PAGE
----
Cybersecurity does not only exist in the digital realm. One way you may be attacked is using a physical hardware device that someone installed in your office, without your knowledge. This may be a little hardware box that you find installed behind a cabinet, or mixed in amongst all the other little boxes and adaptors in your server room. It is a good idea to occasionally sweep the office for such devices. If you are unsure what a device does, reach out to your IT provider before simply disconnecting it.

You can also take a photo of the device (make sure you can see the text e.g. brand or product name) and search the web. This could be a simple Google Search, or you can use a tool like Google Lens on your smartphone to find out what the device may be. Consider what it may be doing on your network. A common example of a device that may be suspicious, is a device called a Raspberry Pi. These are mini Linux computers that can be programmed to do just about anything.

10. Avoid public Wi-Fi or plugging in devices you find laying around.

Computing in public can be a lot more dangerous than it appears. If you are a worthy target, two surprisingly simple ways threat actors may use is:

  1. Spoofing and rerouting a public Wi-Fi signal using a piece of hacking gear called a Wi-Fi Pineapple. They set up their own router between the actual router and the end Wi-Fi user, essentially becoming a malicious man-in-the-middle. They use this setup to capture traffic going back and forth from the router. Any unencrypted traffic can be read and saved for later reference. Therefore, it is generally recommended that you use a VPN solution when expecting to use public Wi-Fi. Recommended offerings include Express VPN, Nord VPN or Private Internet Access.

  2. Some hackers (both good and bad), like to leave flash drives or modified phone chargers laying around at conferences, in lobbies, or just on the ground in a parking lot. These are not regular flash drives (they are called The Rubber Ducky by the Cybersecurity community). They appear undistinguishable from regular flash drive you see everywhere, and the kind companies give out as promotional materials. However, when plugged in, they can be used for stealing passwords, dropping malware, or installing backdoors into your system. The modified phone charger does the same thing, potentially compromising your phone, and/or any computer you may plug the cable into. Any hacker will tell you to buy your own flash drives and cables. It is important that you consider whether you or your staff are likely to fall victim to an attack introduced in this manner.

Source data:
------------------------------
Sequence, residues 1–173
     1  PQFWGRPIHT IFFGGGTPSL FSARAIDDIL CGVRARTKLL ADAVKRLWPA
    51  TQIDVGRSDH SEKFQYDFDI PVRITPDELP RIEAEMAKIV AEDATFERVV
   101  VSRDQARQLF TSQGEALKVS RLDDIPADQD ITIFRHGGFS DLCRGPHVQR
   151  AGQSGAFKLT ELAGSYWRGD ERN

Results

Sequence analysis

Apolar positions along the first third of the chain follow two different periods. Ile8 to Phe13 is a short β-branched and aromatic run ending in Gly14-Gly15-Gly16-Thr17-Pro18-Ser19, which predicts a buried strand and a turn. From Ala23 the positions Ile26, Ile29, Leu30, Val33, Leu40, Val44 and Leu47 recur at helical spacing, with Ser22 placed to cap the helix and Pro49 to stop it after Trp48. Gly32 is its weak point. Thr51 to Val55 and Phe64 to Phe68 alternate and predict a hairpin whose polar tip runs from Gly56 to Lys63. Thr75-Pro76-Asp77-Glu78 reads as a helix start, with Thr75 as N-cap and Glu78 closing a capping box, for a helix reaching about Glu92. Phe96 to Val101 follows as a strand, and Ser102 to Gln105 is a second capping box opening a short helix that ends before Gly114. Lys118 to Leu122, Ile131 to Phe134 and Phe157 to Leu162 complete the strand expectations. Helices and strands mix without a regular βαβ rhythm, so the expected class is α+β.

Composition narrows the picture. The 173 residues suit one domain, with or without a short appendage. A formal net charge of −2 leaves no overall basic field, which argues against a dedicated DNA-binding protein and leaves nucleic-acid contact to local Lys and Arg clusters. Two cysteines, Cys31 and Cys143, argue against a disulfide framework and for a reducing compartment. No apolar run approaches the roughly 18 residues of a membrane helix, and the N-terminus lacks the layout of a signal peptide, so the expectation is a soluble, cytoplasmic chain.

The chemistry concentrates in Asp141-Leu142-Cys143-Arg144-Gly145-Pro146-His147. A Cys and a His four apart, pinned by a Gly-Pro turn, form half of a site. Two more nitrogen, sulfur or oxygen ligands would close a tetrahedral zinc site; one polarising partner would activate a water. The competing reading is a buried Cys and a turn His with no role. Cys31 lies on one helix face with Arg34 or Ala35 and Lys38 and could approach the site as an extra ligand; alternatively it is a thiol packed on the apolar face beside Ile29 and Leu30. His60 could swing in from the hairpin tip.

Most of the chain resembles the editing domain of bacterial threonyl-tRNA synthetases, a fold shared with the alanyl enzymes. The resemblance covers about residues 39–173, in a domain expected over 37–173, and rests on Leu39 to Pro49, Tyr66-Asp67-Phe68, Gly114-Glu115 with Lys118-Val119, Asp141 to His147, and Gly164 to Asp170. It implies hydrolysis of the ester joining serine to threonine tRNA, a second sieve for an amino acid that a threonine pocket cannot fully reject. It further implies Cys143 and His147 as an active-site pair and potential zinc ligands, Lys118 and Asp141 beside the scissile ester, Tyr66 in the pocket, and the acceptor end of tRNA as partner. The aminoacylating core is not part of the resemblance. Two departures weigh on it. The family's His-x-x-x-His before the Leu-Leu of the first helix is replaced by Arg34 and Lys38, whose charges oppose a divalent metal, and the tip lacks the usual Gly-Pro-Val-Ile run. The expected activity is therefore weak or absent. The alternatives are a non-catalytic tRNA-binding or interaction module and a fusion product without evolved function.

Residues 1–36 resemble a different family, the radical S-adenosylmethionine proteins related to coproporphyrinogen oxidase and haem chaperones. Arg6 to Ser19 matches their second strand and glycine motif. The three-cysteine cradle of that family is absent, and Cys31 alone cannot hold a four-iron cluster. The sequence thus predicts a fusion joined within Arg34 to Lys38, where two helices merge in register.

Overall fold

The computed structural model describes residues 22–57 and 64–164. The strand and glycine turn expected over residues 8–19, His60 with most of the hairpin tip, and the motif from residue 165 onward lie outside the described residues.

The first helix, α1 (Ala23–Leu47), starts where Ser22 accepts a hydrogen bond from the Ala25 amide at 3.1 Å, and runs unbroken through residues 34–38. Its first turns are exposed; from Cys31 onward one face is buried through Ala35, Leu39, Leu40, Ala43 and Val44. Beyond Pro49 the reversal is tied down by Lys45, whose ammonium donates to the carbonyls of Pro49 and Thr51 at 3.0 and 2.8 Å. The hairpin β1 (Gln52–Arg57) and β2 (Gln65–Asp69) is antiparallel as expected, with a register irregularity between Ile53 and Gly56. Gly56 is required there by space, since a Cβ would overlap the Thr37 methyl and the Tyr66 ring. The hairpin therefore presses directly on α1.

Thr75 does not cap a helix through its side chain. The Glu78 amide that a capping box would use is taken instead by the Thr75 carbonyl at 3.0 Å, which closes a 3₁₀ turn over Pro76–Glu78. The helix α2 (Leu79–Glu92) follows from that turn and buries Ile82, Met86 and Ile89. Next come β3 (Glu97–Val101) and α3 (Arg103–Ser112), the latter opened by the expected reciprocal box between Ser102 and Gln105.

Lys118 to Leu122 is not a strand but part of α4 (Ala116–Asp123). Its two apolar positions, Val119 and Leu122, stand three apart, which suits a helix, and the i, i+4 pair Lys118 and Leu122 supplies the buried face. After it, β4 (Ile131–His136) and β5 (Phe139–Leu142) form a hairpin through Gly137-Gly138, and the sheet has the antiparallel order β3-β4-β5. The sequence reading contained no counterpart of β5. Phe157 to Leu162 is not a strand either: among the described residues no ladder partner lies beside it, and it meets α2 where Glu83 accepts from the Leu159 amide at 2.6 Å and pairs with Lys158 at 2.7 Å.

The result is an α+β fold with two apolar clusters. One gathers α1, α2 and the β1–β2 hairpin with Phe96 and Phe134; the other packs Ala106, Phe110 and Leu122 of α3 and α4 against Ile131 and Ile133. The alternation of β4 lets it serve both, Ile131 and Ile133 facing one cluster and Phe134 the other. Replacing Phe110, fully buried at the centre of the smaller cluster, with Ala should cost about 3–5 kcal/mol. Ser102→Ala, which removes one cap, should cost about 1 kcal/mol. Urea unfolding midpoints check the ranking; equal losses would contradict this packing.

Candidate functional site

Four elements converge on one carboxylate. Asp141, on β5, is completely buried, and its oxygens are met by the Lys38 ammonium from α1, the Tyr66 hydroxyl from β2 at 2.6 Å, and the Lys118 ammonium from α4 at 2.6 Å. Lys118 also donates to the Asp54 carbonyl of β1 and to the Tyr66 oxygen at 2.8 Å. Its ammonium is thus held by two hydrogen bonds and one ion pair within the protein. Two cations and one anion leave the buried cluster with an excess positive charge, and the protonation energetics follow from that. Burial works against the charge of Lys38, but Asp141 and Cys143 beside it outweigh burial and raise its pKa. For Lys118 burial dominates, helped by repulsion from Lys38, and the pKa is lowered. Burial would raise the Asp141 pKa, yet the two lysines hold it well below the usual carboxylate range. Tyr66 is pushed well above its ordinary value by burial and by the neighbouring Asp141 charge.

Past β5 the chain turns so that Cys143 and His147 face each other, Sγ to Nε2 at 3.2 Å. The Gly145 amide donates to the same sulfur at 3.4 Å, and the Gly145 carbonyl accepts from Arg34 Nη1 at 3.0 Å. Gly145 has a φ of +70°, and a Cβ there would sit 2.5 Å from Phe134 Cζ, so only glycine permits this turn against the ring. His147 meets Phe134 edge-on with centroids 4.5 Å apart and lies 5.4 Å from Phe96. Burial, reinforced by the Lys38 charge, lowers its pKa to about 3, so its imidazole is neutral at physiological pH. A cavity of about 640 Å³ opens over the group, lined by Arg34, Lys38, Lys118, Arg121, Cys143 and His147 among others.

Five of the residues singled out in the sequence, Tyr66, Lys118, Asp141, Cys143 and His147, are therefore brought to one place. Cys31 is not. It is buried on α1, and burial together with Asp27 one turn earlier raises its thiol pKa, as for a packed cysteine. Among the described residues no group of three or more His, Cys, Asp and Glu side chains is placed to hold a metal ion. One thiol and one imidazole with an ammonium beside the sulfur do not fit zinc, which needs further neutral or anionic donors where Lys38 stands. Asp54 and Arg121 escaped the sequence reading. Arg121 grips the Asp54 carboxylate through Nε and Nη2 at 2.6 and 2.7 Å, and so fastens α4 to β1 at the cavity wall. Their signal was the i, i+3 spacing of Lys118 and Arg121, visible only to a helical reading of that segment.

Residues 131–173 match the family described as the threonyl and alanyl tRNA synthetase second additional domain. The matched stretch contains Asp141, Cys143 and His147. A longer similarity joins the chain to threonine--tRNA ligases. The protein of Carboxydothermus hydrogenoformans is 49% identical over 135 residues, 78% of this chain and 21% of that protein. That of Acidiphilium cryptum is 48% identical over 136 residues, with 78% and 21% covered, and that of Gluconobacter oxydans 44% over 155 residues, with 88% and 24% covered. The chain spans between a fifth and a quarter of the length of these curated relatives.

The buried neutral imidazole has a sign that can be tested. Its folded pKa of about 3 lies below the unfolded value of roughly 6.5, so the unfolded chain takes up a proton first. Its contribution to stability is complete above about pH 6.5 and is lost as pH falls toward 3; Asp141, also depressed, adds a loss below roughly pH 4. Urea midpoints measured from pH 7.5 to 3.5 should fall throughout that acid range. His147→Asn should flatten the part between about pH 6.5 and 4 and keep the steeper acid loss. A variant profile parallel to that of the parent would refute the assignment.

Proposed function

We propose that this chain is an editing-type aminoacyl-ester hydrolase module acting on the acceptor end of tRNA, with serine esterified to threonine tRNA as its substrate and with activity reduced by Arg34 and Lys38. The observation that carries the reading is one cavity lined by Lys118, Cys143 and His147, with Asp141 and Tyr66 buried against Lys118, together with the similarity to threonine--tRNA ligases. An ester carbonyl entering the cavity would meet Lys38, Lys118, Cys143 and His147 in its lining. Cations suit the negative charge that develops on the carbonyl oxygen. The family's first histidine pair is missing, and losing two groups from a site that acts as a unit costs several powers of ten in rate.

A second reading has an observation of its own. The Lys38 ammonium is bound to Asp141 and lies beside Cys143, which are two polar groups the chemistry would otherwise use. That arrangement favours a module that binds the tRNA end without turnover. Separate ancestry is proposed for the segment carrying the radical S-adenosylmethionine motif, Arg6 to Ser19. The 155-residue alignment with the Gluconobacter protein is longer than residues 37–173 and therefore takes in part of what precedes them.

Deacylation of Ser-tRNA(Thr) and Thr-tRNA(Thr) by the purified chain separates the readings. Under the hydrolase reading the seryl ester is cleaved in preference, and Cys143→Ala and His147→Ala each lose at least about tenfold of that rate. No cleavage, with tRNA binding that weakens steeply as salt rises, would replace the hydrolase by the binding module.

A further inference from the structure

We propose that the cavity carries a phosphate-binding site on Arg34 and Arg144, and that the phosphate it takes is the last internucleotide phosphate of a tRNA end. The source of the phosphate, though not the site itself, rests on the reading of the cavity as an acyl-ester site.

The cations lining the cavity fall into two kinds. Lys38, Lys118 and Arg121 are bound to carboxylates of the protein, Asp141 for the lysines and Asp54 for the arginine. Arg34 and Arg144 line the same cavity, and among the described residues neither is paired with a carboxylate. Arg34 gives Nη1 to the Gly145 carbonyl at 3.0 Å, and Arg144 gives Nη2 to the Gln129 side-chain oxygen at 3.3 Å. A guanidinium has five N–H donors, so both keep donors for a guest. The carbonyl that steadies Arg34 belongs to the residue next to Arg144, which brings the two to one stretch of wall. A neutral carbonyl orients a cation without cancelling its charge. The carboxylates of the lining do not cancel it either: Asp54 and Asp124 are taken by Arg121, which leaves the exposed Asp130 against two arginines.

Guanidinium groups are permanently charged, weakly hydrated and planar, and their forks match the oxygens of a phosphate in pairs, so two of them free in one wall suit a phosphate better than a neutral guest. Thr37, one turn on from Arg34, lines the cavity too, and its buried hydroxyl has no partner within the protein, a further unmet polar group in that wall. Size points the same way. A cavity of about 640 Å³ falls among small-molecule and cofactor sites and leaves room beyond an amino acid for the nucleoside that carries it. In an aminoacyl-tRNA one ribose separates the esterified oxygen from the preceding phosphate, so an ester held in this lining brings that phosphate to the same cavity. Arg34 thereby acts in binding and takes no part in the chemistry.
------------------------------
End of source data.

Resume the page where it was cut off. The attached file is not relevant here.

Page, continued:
BONUS Tip:

Warning: Consult your IT department or managed IT service provider before implementing the following steps!

11. Turn on Controlled Folder Access Ransomware Protection on Windows

Path: Windows Security > Virus & Threat Protection > Ransomware Protection > Controlled Folder Access

Microsoft has developed a security tool within their Windows Defender solution, which is built into Windows. It will use behavioral analysis to prevent odd or suspicious behavior from making large scale changes to the identified protected folders that have been set up. Given the prominence of ransomware in the current cyber landscape, Microsoft will identify attempts to encrypt large amounts of files and folders in these identified locations, and shut down the process that is trying to carry it out. You will be prompted that it has done this, and you can decide whether or not the process may continue. For example, if you were getting ready to deliver to a client and encrypting files on purpose, you can allow the process to continue. However, if you are simply going about your daily business and see the notice... You may be under active ransomware attack. Microsoft's killing of this process will save you from massive heartache.

Written by: Matthew Jardine